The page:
"It's time, grandfather," she said. I wasn't her grandfather, not by a longshot. It was supposed to be some sort of term of endearment. I was not endeared.
"I don't want to go," I said. She looked at me; her large eyes blinked slowly, once, in their overlarge sockets. The form these newest humans took creeped me out. She was tall and willowy--long thin bones wrapped in thin taut muscles and covered in a shimmering, almost translucent skin, hairless except for a vain frill of green hair encircling her elongated skull. Creepy.
"But you must come, now," she insisted.
"God damn it, I don't want to!" I yelled, running further out into the yard, but her long legs overtook me. She grabbed my arm firmly. I tried to wrench against it, but could not free myself. I thought about more violent acts, but they always put me asleep for several days as punishment. I don't know, maybe that wouldn't be so bad.
"Please," she said, sweetly. "It will only be for an hour or two."
"Damn it, why can't you people leave me be?" I looked away from her, and into the night. In the distance glowed the city center, full of enormous towers and breathtaking architecture, but the new humans lived like hive insects in them. I don't fully understand how they evolved from us.
"You're the second oldest person in all of civilization," she said. "You must understand that you are a very interesting subject."
"No I'm not. I'm perfectly quotidian."
"Perhaps a thousand years ago, but not now grandfather."
"Stop calling me that," I said.
"Will you come now?"
The past few times I resisted they ended up dragging me in. It was not as if I had much of a choice in my cage.
"Fifteen minutes. I'll give you fifteen minutes, then you gotta leave me be," I said.
"All right," she said, cracking a thin smile. Her teeth were transparent as was the fashion. Hideous.
She escorted me back into the building. It was a massive laboratory, built around my original beach house (the beach had long since been moved further out to make way for a transit hub). My house sat in the center, and I was allowed to continue to live there, although I had to board up all the windows because people were trying to look inside twenty-four seven.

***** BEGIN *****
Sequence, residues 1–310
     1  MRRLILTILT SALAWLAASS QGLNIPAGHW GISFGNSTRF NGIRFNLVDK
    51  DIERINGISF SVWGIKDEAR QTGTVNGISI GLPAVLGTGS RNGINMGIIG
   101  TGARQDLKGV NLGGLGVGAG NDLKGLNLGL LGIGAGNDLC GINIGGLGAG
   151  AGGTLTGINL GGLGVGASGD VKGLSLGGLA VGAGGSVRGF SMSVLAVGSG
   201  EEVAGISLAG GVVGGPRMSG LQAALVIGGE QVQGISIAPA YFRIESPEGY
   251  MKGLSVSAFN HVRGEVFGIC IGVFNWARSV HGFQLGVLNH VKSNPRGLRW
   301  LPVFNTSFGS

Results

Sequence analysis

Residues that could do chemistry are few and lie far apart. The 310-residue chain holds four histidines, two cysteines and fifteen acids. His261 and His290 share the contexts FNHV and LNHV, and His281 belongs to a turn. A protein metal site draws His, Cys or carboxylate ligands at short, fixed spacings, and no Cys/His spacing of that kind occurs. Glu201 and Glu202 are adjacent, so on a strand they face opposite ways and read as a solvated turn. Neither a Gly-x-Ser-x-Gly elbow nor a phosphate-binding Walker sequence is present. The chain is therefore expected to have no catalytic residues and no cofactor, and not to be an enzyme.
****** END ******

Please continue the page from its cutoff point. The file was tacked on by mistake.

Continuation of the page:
It was fifteen hundred years or so since I bought the place. I was nearing forty, just divorced, and wanted to get away from people. It was great in those first days. I went surfing all morning, and when the sun got too high, I retreated inside to do some work online. There was a fantastic burrito place down the road. I lived thirty years like that, before I got sick. I had to get my kidneys replaced, and by then they were growing them in vats. I went back home to the beach house and felt downright sprightly. I got hooked on organ replacement, and really wish I hadn't.
We went into a small room, sparsely furnished. In the center was a replica of a futon I once owned. When they first built the lab and made me a study subject, I requested it, assuming they'd get something close, but they actually recreated the damn thing down to the ikat fabric. I laid down on the futon and rested my arms across my chest. There were others in the room, a whole committee, most of them there to observe.
A man with shimmery black skin and swirly glowing blue tattoos positioned a chair next to the futon and sat down. He was new. He rested his hands on his knees.
"Hello," he said.
"Hiya," I said.
"Do you know who I am?" he asked.
"Haven't a frickin clue," I said.
"I'm the new director of the laboratory," he said.
"I've heard that you're less than cooperative lately," he said.
"You betcha," I said.
"Why is that?" he asked. I propped myself up on an elbow to look at him.
"Really? You can't figure out why I might be hostile?"
"No," he said. I flopped back down on the futon.
"I'm a hostage here, that's why I'm hostile."
"You're not a hostage," he said.
"I'm not allowed to leave," I said.
"Your are participating in a study, and we keep you here for your own safety."
"Splitting hairs," I said.